With humility in hand, we imagine the future. The following questions help you do this. What are you doing that you want to remain private? Forecast into the future and imagine your life when the private becomes public, because it will become public. What have you learned from the funerals of the wise and funerals of the foolish? Similarly, what have you learned from those who are older than yourself (Eccl 11:9–12:8)?
Here are two prominent spiritual skills:
- live now, in today, rather than tomorrow
- live in tomorrow rather than in gut reactions and unexamined decisions today.
The first is a familiar rule for anxiety. We live in the grace that God gives us for right now, and we trust our Heavenly Father to worry about tomorrow (Matt 6:32–34). This, certainly, takes a lifetime to master.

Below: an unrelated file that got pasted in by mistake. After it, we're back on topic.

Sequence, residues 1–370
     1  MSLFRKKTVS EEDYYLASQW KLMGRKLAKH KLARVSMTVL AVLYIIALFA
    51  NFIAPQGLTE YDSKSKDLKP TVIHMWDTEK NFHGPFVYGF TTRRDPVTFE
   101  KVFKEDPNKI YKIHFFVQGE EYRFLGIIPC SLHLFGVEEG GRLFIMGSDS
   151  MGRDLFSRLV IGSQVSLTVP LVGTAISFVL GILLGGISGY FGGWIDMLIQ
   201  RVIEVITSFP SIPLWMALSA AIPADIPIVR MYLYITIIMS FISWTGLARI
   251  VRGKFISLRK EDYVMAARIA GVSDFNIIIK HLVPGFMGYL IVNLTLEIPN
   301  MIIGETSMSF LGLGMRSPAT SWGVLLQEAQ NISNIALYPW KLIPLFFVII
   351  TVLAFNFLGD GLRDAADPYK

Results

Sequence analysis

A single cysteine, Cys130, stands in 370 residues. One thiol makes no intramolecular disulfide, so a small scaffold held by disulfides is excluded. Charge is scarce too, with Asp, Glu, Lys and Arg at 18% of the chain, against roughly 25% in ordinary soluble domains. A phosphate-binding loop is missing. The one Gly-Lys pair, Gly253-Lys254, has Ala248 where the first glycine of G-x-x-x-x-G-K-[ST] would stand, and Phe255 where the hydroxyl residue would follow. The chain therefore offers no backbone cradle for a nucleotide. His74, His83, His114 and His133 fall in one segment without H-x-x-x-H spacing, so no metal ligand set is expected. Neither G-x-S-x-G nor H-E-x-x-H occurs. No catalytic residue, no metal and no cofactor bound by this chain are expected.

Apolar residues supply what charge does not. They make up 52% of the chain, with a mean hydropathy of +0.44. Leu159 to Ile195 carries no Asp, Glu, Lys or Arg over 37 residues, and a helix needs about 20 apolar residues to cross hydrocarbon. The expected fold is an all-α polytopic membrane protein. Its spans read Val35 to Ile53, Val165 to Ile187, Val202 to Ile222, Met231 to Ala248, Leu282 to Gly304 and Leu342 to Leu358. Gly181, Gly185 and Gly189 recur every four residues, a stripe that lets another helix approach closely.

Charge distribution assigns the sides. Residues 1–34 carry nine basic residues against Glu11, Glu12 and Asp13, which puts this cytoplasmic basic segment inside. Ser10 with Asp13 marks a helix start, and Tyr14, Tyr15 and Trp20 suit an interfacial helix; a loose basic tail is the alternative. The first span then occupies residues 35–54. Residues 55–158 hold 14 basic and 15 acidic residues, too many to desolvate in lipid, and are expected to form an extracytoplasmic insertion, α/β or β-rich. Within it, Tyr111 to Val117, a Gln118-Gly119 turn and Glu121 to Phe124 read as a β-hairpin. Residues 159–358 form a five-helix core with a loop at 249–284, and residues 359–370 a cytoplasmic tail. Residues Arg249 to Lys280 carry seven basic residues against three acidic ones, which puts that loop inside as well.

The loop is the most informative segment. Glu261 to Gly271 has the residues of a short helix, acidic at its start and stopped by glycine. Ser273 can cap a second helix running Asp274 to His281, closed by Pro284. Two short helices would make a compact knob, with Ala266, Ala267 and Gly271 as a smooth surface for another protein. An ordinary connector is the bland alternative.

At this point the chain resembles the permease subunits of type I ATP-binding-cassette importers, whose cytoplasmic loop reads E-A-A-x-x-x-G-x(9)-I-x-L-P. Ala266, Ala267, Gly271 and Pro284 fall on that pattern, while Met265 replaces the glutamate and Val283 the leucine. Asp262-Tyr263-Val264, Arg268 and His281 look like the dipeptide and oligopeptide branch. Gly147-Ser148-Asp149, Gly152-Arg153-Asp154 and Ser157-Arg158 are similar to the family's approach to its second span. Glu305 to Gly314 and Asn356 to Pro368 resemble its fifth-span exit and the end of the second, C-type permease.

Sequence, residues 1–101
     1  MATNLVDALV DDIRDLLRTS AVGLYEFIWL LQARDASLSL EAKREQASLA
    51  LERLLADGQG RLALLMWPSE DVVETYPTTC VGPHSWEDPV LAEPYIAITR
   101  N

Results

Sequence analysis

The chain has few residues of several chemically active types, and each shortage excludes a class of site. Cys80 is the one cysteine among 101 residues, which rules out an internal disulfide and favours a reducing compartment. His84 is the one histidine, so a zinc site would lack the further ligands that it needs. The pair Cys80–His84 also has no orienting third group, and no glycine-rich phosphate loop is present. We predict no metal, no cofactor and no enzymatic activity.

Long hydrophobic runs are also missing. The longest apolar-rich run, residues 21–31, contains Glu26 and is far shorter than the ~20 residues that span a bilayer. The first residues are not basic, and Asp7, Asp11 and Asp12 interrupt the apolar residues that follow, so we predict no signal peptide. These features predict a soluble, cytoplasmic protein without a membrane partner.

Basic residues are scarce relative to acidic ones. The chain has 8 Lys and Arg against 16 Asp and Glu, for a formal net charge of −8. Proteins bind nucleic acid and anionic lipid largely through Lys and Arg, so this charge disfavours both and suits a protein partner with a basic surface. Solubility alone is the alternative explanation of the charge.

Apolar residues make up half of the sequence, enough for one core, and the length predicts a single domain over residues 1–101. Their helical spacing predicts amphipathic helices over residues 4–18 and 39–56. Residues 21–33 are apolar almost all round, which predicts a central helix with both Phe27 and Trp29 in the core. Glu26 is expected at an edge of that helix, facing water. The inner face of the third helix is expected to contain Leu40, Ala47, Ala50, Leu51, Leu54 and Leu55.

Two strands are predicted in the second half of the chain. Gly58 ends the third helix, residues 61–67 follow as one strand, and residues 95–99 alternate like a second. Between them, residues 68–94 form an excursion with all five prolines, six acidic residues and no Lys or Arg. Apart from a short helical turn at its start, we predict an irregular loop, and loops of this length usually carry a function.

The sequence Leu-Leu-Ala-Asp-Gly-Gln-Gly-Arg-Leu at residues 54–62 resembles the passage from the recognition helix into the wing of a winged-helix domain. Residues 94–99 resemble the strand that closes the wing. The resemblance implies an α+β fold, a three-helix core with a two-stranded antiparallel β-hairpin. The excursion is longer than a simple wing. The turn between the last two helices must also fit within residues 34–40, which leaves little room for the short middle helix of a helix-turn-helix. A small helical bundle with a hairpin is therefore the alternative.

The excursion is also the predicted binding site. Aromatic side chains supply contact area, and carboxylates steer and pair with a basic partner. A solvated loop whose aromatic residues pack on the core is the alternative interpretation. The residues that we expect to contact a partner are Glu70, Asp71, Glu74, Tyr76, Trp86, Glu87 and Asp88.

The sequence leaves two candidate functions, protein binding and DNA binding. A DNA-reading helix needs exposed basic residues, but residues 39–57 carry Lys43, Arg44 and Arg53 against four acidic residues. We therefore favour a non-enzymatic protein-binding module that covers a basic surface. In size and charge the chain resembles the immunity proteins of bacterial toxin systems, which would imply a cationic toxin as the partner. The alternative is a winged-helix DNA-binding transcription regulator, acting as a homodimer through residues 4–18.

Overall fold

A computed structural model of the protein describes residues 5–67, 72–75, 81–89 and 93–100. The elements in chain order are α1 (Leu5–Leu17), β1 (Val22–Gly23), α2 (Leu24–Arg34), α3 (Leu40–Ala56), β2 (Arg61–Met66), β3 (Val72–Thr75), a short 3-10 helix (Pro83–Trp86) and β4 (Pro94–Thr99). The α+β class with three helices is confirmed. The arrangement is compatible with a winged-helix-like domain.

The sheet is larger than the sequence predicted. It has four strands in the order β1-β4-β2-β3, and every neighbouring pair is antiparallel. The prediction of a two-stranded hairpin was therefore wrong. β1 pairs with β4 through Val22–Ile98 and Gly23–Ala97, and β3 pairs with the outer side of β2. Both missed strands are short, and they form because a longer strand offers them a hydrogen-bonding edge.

The other is just as important—and where we will focus. If we live for now, and now alone, our desires can deceive us and we will end up in bad places. Better to walk that path further into the future to see where it goes. The wisdom literature—Psalms, Proverbs, Ecclesiastes—identifies both of these skills, but it has a particular interest in living in the future, imagining what is just over the hill of our chosen path. Wise people have looked off into the future and adjusted their course accordingly. Foolish people simply do not consider the consequences of certain behaviors.
Wisdom does not promise an easy life, and it does not promise that our alertness to the future will ward off all unfavorable consequences to our decisions. But it is the best path because it ends in life.